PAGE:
Craning your neck up towards the sky to catch sight of the white, cloud-like end trails behind jets and wishing you were the pilot of one of those giant, metal, flying beasts is usually expected of children, and only children. The Chicago Air & Water Show gives everyone permission—children and adults alike—to look up at the sky and wonder exactly how amazingly rad being a pilot would be. It doesn’t matter where you’re coming from, this show is worth seeing no matter the distance. To prove this, we’ve figured out where you need to go to let your imagination fly and how to get there. All you need to do is read below…
Where To Go
Home base for the Air & Water Show is North Avenue Beach. This isn’t the only spot to see the show though, according to explorechicago.org, you’ll get a great view from anywhere along the lakefront between Fullerton and Oak Street. Here’s a quick rundown of a few of the beaches you can settle down.
North Avenue Beach
As the focal point of the show, North Avenue Beach will really be happenin’. One of the nicest aspects of North Ave. Beach is its gigantic beach house. Modeled after an ocean liner, the giant boat-like structure was built by the Chicago Park District. Its upper decks allow for a superb view of the water and make this the best beach for something like, say, an air show. The only downside is that it might be too popular. Prepare for packed crowds the weekend of the Air & Water show. If you’re afraid of large crowds, or, like me, just don’t like people all that much, you might want to consider one of the other nearby beaches.
North of North Avenue Beach is Belmont Harbor, another place that would give a great view of the show that should be less crowded. Belmont Harbor is also close to Belmont and Clark, a corner surrounded by interesting stores and boutiques you can peruse before or after the show.
Nestled between Belmont Harbor and North Avenue Beach, Diversey Harbor is another choice for your Air and Water Show antics. This would be an ideal location to take the kids. Make a day of it with other nearby sights like the North Pond Nature Sanctuary and the Peggy Notebaert Nature Museum, which specializes in programs and activities specifically for the young ones.
How To Get There
You’re going to drive? In the city? Are you crazy? Well, far be it from me to judge you (more than I already have).
Parking being scarce in Lincoln Park (for an event as large as this), the Chicago Air & Water Show recommends driving downtown to park at Millennium Garages. Located in the loop at 5 South Columbia Drive, Chicago, Il 60601, Millennium Garages is easy to get to off of Lake Shore Drive and also accessible from I-90/94. As a special event, this will most likely cost ya $25 bucks, which is actually fairly cheap compared to some cut-throat, parking garages downtown. From there you can take a free shuttle to Lincoln Park that drops you off right at North Avenue Beach. Talk about convenient!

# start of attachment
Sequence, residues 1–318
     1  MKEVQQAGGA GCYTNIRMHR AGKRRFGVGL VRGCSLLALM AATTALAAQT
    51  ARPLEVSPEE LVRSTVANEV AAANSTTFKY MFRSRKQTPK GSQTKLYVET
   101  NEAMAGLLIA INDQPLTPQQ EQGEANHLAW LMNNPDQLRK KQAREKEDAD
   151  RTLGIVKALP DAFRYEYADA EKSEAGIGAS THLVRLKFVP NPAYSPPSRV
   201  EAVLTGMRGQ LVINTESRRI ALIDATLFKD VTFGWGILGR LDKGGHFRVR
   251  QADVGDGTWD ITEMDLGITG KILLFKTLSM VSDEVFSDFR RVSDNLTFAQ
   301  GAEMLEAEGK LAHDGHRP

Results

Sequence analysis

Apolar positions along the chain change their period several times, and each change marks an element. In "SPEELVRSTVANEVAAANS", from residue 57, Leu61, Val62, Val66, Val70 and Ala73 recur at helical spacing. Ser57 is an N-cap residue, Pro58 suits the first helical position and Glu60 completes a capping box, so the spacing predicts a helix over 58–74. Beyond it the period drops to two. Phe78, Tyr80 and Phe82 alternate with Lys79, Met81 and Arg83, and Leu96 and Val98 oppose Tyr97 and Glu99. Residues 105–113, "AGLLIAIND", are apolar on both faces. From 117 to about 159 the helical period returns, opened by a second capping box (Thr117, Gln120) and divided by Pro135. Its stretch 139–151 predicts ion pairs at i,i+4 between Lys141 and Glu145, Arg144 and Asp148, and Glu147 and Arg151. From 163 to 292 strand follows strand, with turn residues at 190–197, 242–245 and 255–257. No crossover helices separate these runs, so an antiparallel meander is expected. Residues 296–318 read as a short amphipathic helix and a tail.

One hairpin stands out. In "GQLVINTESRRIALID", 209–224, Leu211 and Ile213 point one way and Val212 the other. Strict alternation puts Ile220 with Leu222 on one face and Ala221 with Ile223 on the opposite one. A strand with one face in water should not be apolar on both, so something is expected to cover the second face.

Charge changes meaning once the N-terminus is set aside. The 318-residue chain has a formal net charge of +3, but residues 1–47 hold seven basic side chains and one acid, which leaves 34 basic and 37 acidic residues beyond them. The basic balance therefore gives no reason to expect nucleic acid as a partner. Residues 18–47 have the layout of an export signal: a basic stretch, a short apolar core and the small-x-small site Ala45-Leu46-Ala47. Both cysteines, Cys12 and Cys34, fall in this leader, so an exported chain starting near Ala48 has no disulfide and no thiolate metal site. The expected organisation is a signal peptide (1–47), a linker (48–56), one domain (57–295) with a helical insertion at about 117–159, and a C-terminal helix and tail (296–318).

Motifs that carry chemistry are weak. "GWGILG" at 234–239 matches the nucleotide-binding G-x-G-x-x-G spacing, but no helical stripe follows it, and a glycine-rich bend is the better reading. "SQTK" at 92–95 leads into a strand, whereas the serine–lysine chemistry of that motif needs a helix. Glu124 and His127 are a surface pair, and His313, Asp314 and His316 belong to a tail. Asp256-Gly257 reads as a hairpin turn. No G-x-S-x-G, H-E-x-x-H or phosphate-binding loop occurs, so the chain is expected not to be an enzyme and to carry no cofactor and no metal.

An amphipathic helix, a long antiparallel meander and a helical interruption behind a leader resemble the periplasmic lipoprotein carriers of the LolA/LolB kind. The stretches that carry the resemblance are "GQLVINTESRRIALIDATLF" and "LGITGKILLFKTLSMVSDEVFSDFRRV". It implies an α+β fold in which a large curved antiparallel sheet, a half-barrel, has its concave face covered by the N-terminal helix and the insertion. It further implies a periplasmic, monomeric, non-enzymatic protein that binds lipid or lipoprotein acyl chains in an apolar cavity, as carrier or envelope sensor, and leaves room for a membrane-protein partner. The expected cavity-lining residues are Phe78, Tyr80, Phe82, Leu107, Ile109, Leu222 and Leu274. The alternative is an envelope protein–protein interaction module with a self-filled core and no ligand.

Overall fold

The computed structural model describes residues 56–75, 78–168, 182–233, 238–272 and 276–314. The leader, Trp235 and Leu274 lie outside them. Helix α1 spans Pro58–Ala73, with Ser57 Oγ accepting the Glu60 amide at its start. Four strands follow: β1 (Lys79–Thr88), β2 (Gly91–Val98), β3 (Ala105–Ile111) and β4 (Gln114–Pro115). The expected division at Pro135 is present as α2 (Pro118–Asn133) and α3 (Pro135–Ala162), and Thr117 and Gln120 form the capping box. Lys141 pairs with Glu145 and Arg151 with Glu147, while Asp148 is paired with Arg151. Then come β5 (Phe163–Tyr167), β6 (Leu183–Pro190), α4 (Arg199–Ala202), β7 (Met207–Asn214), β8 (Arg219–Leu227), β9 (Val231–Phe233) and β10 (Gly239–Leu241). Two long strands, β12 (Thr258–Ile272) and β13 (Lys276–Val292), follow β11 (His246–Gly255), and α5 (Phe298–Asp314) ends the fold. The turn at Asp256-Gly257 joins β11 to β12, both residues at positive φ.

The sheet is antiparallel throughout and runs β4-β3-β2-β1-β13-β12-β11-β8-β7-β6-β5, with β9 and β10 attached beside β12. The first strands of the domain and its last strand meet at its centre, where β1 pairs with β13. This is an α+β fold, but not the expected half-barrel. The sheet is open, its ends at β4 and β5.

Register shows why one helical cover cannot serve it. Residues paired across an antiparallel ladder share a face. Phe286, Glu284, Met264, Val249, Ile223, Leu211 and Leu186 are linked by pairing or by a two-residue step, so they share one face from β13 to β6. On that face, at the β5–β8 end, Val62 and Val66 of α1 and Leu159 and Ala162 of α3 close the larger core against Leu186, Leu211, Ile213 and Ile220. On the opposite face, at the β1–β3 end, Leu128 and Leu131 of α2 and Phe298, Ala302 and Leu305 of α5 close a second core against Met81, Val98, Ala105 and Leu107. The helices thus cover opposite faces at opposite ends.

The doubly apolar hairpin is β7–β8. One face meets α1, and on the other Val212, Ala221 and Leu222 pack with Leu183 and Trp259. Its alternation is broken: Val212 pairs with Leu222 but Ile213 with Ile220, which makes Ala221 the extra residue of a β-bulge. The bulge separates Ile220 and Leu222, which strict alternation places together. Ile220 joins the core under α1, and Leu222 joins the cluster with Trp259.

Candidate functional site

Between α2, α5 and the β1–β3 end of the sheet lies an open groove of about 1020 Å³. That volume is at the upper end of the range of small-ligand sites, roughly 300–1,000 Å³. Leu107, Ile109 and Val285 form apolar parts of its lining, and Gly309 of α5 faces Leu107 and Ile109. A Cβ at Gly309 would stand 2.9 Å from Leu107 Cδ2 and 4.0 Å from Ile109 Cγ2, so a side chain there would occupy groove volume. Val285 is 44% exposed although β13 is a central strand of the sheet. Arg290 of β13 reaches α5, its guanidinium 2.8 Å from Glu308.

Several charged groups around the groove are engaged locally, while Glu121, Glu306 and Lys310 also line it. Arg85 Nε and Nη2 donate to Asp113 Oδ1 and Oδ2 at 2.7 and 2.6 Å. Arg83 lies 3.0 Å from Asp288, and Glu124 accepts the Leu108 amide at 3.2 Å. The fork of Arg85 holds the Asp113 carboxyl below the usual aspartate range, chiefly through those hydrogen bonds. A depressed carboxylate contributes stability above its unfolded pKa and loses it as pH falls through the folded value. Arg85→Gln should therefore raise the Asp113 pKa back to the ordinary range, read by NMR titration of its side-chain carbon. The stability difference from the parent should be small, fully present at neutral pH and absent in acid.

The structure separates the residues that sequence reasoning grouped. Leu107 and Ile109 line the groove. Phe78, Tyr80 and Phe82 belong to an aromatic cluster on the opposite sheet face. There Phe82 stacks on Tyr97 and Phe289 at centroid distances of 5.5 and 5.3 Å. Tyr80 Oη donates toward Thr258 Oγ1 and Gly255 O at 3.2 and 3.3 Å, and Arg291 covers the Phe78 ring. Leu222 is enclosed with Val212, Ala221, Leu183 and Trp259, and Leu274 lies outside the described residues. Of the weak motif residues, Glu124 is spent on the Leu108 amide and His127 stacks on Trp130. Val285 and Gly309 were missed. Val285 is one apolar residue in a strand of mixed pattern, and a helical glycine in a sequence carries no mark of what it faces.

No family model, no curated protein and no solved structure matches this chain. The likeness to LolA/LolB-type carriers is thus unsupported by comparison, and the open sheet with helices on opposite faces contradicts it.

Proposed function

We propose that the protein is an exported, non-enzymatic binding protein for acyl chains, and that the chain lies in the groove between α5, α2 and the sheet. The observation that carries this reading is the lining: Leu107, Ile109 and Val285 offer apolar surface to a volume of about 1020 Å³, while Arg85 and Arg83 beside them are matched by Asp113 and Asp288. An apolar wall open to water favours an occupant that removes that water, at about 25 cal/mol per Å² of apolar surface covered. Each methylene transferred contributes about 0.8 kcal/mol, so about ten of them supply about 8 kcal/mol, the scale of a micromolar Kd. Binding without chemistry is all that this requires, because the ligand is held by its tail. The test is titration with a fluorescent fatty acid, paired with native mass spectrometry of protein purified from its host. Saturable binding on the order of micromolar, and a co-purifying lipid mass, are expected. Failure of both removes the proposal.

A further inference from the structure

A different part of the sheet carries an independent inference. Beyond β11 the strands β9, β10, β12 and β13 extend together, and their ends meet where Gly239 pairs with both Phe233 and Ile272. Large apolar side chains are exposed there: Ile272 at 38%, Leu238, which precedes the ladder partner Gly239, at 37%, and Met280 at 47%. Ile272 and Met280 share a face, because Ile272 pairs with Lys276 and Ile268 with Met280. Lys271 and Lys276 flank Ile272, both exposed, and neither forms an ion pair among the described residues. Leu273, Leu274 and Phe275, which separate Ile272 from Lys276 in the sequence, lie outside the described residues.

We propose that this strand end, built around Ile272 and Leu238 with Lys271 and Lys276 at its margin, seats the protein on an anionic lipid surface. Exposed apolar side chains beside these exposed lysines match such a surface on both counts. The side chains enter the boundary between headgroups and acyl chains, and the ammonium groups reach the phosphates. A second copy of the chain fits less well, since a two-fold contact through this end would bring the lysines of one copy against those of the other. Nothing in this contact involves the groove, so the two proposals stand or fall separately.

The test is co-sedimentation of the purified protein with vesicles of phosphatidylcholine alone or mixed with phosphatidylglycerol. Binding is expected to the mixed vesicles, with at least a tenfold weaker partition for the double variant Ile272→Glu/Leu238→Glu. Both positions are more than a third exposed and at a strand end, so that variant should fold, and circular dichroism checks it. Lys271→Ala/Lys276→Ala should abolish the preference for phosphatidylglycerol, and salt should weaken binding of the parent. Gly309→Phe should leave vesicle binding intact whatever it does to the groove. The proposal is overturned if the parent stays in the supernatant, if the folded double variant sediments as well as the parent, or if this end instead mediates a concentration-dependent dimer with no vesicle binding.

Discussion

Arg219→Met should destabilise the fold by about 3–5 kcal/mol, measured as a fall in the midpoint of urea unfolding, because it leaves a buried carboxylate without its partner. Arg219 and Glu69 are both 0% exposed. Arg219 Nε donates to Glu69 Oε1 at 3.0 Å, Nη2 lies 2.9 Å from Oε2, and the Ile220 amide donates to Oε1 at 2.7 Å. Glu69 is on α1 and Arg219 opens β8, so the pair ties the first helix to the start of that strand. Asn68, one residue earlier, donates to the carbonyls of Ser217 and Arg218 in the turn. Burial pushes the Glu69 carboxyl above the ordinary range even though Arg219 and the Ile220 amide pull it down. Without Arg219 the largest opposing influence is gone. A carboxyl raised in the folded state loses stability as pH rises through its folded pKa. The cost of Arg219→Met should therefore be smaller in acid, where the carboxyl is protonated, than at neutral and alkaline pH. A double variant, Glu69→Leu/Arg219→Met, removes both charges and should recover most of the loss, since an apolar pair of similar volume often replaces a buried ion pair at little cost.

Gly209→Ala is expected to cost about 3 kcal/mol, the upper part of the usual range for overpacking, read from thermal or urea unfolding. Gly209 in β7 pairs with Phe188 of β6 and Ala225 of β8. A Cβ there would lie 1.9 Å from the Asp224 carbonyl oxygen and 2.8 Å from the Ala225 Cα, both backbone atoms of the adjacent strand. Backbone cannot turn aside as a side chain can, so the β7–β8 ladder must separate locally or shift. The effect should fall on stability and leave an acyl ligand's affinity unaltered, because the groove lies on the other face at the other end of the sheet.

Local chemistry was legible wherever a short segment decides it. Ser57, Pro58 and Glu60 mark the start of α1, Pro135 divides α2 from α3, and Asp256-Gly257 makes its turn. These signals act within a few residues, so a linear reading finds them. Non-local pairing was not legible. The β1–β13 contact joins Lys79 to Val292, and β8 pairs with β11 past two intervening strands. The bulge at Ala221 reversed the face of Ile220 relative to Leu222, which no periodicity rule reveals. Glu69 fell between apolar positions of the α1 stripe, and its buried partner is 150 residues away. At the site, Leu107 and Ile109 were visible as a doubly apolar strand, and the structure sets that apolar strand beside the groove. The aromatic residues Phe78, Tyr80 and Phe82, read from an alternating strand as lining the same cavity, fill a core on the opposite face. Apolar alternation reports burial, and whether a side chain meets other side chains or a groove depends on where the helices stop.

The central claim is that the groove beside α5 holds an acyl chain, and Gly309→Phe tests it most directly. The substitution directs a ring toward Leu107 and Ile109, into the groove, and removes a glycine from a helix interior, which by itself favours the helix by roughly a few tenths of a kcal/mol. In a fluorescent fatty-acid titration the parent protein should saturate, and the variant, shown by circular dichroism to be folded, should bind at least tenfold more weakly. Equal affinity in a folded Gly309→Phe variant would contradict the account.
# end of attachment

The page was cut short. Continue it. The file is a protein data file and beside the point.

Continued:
For many coming from the suburbs, the Metra is the most convenient public transportation for the Air & Water Show. Unfortunately, there aren’t many convenient Metra stops near any of the beaches. Looking at the map provided by Metra’s website, the closest stops are over two miles away off the Metra Electric District, Union Pacific / North and Union Pacific / Northwest Lines. What’s that you say? Two miles ain’t much? Clearly, you’re not as lazy as I am. Fine! Walk your two miles. If you’re intimidated by the confusing and daunting Metra, take a look at this CBS Chicago guide, it just might save your life.
The CTA, despite it’s odd smell, is probably your best bet to get to the Chicago Air & Water Show. The closest train stops are the Sedgwick Brown / Purple Line (near the North Avenue Beach), the Diversey Brown / Purple Line (near Diversey Harbor, duh), and the Belmont Red / Brown / Purple Line (near the, well, take a wild guess which harbor it’s near). Belmont (#77), Diversey (#76) and North Avenue (#72) buses will also be running throughout the show. If you’re not sure how to get to these stops, make sure to take a gander at CTA’s website for maps and timetables that make everything easier.
Better Yet: Fly
I don’t know how you could pull it off, I wish I did, but the ultimate entrance to the Chicago Air & Water Show would be by way of Thunderbird. No, not the car or the mythical bird, but by the fighter jet that represents the U.S. Air Force. Imagine it now: a crowd stares at you in awe as you pilot a Thunderbird above them, then all of a sudden, the top flies off and the ejector seat shoots you into the air. You land perfectly on the beach, Margarita in hand, happy that you finally proved that you would, in fact, make something of yourself despite your mother never supporting your dreams of flight because, as she says, “the Air Force don’t accept twerps with awful eye-sight and flat feet. Give up on your dreams.” Well look at me now, Ma!
Sorry, I think I might be projecting. The sentiment that I want to get across is simple, more simple than I’ve made it seem at least. The planes are cool, the beaches are beautiful, and the city can be surprisingly welcoming when you give it a chance. So go to the Chicago Air & Water Show!